Niels Bätge

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Niels Bätge
Niels Bätge.jpg
Born (1913-04-19)19 April 1913
Died 12 December 1944(1944-12-12) (aged 31)
near the Åland Islands
Allegiance  Weimar Republic (to 1933)
 Nazi Germany
Service/branch  Reichsmarine
Years of service 1931–44
Rank Korvettenkapitän
Unit SKS Niobe
light cruiser Karlsruhe
Destroyer Hans Lody (Z-10)
Commands held Torpedoboot T-2 and T-20
4. Schnellbootflottille
Destroyer Z-35
Battles/wars World War II
Awards Knight's Cross of the Iron Cross

Niels Bätge (19 April 1913 in Reval – 12 December 1944 near the Åland Islands) was a German Schnellboot commander with Baltic German origin in World War II and recipient of the Knight's Cross of the Iron Cross. The Knight's Cross of the Iron Cross was awarded to recognise extreme battlefield bravery or successful military leadership. Bätge was promoted to Kapitänleutnant on 1 September 1943. Shortly after his promotion he took command of the destroyer Z-35 on 25 September 1943. The destroyers Z-35 and Z-36 both ran into a German naval mine in the Gulf of Finland on 12 December 1944. Bätge and 24 members of the crew managed to save themselves in a life boat. However, they all froze to death and were later washed ashore near the Åland Islands.

World War II[edit]

At the start of World War II, Bätge was serving in a torpedo boat flotilla; during this period, he commanded the torpedo boat T2. In October 1940, he was transferred to command a flotilla of E-boats;[1] this newly-formed unit began training in the Baltic before being transferred to the English Channel in May 1941. Bätge's boats were based in Cherbourg and Rotterdam. Upon the 4th Flotilla's arrival, the other three E-boat flotillas in occupied France were transferred to the Baltic in preparation for the invasion of the Soviet Union. Bätge's 4th Flotilla, which had just five boats operational owing to parts shortages and overuse, was to conduct the coastal campaign against Britain by itself. Bätge was instructed to keep his boats in action as much as possible to conceal the fact that the other three flotillas had been withdrawn. Throughout 1941, engine problems plagued the boats of the 4th Flotilla. Bätge had received orders to transfer his boats to Lorient in May to help cover the arrival of the battleship Bismarck, but bad weather delayed Bätge's departure and Bismarck was sunk in action. As a result, the 4th Flotilla remained in the Channel. On 30 May, three of the boats laid six mines off Great Yarmouth. The following month, Luftwaffe reconnaissance aircraft spotted what they believed to be the British aircraft carrier HMS Hermes, and Bätge sent four of his boats to attack the vessel on the morning of 3 June. They sank the ship, which turned out to be the merchant ship SS Mamari III, which had been converted into a decoy. Bätge's boats returned to minelaying operations for the rest of June, and these mines claimed three merchant ships that month.[2]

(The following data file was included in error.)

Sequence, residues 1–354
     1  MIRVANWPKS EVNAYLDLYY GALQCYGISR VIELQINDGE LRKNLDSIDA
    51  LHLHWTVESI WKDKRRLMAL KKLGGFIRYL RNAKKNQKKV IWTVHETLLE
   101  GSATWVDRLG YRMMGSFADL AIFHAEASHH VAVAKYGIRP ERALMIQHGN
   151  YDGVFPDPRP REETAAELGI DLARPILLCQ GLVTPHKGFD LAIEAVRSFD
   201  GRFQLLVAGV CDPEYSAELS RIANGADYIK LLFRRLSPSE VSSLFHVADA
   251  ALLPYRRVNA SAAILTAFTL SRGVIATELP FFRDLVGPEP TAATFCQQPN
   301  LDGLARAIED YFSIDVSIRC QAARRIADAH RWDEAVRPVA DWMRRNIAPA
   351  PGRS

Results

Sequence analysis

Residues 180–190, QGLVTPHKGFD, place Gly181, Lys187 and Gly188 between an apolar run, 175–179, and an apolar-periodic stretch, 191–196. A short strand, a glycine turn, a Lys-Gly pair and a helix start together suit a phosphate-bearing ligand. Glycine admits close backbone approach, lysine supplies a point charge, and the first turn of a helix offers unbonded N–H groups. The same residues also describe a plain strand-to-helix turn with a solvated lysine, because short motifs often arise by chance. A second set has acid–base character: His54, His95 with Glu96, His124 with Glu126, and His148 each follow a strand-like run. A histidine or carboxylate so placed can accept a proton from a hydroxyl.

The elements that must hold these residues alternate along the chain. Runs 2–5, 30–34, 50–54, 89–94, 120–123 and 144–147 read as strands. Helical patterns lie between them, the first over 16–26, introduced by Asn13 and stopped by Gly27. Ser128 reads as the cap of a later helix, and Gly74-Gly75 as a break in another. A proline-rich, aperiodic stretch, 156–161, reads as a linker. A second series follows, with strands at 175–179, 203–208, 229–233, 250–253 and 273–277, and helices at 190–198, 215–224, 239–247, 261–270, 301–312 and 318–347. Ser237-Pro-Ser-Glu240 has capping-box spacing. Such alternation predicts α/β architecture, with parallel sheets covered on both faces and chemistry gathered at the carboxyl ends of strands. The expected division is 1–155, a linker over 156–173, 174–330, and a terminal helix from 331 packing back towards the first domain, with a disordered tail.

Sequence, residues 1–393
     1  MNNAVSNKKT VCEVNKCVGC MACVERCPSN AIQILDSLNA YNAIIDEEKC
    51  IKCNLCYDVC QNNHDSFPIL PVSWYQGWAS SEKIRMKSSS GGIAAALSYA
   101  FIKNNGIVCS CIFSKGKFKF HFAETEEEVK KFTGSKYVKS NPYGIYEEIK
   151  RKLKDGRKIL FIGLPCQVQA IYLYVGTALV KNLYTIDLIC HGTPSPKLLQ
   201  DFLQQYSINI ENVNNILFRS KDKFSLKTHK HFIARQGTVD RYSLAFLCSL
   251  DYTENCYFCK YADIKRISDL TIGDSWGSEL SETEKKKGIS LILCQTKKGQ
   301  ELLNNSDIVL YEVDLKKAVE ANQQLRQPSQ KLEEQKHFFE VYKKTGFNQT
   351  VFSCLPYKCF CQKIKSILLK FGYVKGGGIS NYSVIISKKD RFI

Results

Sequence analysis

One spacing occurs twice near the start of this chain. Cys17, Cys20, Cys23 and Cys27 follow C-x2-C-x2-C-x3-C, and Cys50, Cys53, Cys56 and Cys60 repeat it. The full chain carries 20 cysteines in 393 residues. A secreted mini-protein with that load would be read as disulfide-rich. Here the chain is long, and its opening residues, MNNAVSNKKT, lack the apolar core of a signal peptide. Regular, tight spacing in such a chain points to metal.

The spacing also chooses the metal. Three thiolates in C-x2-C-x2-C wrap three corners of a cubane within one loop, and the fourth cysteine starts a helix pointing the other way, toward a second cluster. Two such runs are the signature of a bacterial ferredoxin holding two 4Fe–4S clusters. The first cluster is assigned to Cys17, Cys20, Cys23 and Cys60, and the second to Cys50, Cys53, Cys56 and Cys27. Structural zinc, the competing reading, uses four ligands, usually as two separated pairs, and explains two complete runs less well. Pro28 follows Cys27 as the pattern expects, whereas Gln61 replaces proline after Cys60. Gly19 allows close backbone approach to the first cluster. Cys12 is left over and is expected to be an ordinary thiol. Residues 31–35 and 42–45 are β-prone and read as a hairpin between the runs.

In February 1942, Bätge's flotilla participated in Operation Cerberus, helping to cover the transfer of the battleships Scharnhorst and Gneisenau and the heavy cruiser Prinz Eugen through the Channel. By this time, his forces had been reinforced by the 2nd and 6th Flotillas. The three flotillas were responsible for escorting the heavy ships through the Dover Strait, and they rendezvoused off Cape Gris Nez.[3]




  1. ^ Paterson 2015, p. 93.
  2. ^ Paterson 2015, pp. 106, 121–122.
  3. ^ Showell 2009, p. 110.
  4. ^ a b c d e Dörr 1995, p. 12.
  5. ^ Fellgiebel 2000, p. 120.
  6. ^ Scherzer 2007, p. 199.
  7. ^ Die Wehrmachtberichte 1939–1945 Band 1, p. 731.


  • Dörr, Manfred (1995). Die Ritterkreuzträger der Überwasserstreitkräfte der Kriegsmarine—Band 1: A–K [The Knight's Cross Bearers of the Surface Forces of the Navy—Volume 1: A–K] (in German). Osnabrück, Germany: Biblio Verlag. ISBN 978-3-7648-2453-2. 
  • Fellgiebel, Walther-Peer (2000) [1986]. Die Träger des Ritterkreuzes des Eisernen Kreuzes 1939–1945 — Die Inhaber der höchsten Auszeichnung des Zweiten Weltkrieges aller Wehrmachtteile [The Bearers of the Knight's Cross of the Iron Cross 1939–1945 — The Owners of the Highest Award of the Second World War of all Wehrmacht Branches] (in German). Friedberg, Germany: Podzun-Pallas. ISBN 978-3-7909-0284-6. 
  • Hümmelchen, Gerhard (1996). Die Deutschen Schnellboote Im Zweiten Weltkrieg. Mittler E.S. + Sohn GmbH: Hamburg. ISBN 3813204871. 
  • Paterson, Lawrence (2015). Schnellboote: A Complete Operational History. Barnsley: Seaforth Publishing. ISBN 9781848320833. 
  • Scherzer, Veit (2007). Die Ritterkreuzträger 1939–1945 Die Inhaber des Ritterkreuzes des Eisernen Kreuzes 1939 von Heer, Luftwaffe, Kriegsmarine, Waffen-SS, Volkssturm sowie mit Deutschland verbündeter Streitkräfte nach den Unterlagen des Bundesarchives [The Knight's Cross Bearers 1939–1945 The Holders of the Knight's Cross of the Iron Cross 1939 by Army, Air Force, Navy, Waffen-SS, Volkssturm and Allied Forces with Germany According to the Documents of the Federal Archives] (in German). Jena, Germany: Scherzers Militaer-Verlag. ISBN 978-3-938845-17-2. 
  • Showell, Jak P Mallmann (2009). Hitler's Navy: A Reference Guide to the Kriegsmarine 1935-1945. Barnsley: Seaforth Publishing. ISBN 9781848320208. 
  • Die Wehrmachtberichte 1939–1945 Band 1, 1. September 1939 bis 31. Dezember 1941 [The Wehrmacht Reports 1939–1945 Volume 1, 1 September 1939 to 31 December 1941] (in German). München, Germany: Deutscher Taschenbuch Verlag GmbH & Co. KG. 1985. ISBN 978-3-423-05944-2. 

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